Pope Benedict XVI has left his "beloved homeland" of Germany and returned to Rome.
Thousands of young Catholics from around the world gathered in Cologne for the Catholic World Youth Festival.
The pontiff told crowds that Catholic morals and ethics were in constant decline and he urged a future where the Church remained truly young in spirit while not pandering to youth.
Were you in Cologne? Did you enjoy the festivities? What is your reaction to the Pope's comments?
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This debate is now closed. Read a selection of your comments below.
The following comments reflect the balance of views received:
I am a PhD student just returned from the fantastic, loving and prayerful atmosphere in Cologne. The vast crowds from almost two hundred nations sang, danced and interacted in good humour throughout a week of crushes and long walks. The ubiquitous chants of Be-ne-detto indicate the deep affection and love with which the Pope is regarded by young Catholics. I don't understand calls for the Church to change its teaching to fit with me - rather it's me who ought to change my life to fit with the message of the Church.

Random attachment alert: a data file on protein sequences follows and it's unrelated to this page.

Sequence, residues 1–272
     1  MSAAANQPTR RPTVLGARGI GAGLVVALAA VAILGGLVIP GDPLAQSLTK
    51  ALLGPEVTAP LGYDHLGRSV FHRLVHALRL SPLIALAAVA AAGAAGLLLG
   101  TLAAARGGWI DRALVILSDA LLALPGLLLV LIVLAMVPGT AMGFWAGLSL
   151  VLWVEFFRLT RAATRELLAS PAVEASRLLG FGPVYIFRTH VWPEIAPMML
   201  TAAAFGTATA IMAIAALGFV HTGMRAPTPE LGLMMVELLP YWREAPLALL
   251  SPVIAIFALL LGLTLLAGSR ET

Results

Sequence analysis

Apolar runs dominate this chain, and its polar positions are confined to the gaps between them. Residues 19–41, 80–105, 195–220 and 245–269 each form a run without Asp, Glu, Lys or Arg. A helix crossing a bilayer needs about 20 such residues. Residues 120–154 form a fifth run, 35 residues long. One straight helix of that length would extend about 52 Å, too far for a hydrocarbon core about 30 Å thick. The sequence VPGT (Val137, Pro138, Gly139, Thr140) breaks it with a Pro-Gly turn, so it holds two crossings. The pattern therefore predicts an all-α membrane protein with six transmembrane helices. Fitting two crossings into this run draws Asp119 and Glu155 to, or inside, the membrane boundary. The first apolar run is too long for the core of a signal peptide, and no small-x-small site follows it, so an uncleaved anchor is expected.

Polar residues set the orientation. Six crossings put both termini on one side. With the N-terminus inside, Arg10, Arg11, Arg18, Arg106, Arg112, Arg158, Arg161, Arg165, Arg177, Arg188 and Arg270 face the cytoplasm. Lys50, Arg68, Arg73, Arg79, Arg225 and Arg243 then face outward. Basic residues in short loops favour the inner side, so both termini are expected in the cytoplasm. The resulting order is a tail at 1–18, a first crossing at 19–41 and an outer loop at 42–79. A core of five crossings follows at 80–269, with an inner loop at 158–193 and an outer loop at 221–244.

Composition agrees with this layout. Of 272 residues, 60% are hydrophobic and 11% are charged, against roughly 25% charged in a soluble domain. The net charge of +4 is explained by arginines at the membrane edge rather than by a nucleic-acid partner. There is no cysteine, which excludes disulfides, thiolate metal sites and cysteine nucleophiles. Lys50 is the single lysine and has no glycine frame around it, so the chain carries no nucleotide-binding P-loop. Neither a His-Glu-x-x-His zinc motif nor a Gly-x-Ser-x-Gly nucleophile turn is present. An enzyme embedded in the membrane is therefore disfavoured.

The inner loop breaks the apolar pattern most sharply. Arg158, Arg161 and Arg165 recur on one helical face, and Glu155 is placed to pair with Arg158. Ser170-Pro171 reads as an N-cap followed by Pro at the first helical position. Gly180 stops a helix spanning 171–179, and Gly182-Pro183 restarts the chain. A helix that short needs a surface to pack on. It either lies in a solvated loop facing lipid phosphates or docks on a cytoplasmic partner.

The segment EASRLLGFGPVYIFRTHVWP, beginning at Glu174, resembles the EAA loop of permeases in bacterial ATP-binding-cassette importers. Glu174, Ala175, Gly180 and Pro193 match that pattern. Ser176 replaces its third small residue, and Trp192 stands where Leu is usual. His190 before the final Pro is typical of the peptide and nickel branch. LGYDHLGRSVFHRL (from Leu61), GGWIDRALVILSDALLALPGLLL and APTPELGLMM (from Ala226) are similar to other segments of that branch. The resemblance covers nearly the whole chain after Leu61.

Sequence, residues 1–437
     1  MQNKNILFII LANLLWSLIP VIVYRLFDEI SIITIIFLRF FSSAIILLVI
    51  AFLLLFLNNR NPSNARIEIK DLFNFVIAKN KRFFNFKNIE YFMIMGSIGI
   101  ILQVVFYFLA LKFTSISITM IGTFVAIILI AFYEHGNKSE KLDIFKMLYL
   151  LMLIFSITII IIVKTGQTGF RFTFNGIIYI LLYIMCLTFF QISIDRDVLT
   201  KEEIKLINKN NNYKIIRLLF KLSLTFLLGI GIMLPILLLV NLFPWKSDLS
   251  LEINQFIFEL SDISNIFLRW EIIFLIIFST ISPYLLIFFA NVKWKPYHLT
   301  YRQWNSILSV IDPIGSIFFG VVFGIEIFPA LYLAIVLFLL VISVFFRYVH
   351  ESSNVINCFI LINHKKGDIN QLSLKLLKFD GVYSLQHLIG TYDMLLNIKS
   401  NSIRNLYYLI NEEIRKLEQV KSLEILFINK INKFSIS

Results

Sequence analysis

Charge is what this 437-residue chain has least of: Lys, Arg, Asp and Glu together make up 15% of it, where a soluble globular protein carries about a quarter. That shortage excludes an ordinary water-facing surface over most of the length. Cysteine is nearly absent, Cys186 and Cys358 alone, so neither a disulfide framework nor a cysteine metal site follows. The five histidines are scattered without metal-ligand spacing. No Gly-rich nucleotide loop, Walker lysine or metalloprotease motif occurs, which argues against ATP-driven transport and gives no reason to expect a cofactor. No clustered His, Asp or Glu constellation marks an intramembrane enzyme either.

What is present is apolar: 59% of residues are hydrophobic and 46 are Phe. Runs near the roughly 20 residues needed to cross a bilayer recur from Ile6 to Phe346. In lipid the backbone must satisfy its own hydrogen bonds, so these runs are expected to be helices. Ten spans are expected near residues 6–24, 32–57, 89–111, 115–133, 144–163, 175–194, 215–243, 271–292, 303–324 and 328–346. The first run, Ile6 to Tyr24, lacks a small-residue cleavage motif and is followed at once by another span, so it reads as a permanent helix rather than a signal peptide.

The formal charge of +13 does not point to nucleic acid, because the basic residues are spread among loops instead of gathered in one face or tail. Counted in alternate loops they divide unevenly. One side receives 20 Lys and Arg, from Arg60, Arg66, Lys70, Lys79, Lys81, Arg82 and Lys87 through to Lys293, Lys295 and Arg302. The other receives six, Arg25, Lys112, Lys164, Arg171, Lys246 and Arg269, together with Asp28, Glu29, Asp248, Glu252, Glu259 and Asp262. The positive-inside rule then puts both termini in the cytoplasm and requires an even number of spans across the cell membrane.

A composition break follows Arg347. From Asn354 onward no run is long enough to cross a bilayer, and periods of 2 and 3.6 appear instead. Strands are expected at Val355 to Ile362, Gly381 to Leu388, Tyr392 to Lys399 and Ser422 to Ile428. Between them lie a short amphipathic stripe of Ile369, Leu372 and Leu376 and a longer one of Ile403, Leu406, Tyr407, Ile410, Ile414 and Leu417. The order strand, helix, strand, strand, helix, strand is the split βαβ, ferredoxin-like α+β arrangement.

Joseph Conlon, Cambridge, UK
It is unfortunate that this new Pope is clinging to old traditions that oppress women. These teachings are man-made and have nothing to do with the true word of God.
Christopher Borycheski, Toronto, Canada
I thought Pope Benedict XVI's words were truly inspiring, timeless and invigorating. The Church is here to help everyone. We all know what happens when DIY jobs happen, they all end up botch-ups. He is a man of God and a great leader of his flock. Viva il Papa.
The Pope went to Germany to attempt to repair Catholic setbacks there. The religion is on a slow decline in Europe (thankfully) and it is my hope that other religions will decline with it.
Alex, London UK
I have been made pilgrimages all over the world to hear a succession of popes speak for the past 60 years. However, I am getting too old so I don't think that I will be able to make another. However from what I saw on the telly box, he certainly looks the part. And Benedict is such a nice name.
Bill Stitt, Edinburgh, Scotland
I have lived in Cologne for five years and I could not believe how inconsiderate some of the so-called pilgrims were last week. They seemed to be drinking beer the whole day and then singing and shouting to at least 4am without a thought that some people in the city centre may have to get some sleep as they have to work the next day. I am not trying to be a killjoy but this appeared to be a cross between Oktoberfest and the Love Parade for Catholics.
AE, Cologne, Germany
As a 20 year old Catholic living in a secular society I would just like to say that any religion is hard to live by, fact. I agree with the Pope that DIY or 'Pick n' Mix' religion is farcical because people will just disregard the parts that do not suit them. As I believe in moral absolutes, it seems a pretty immoral approach to morality to me.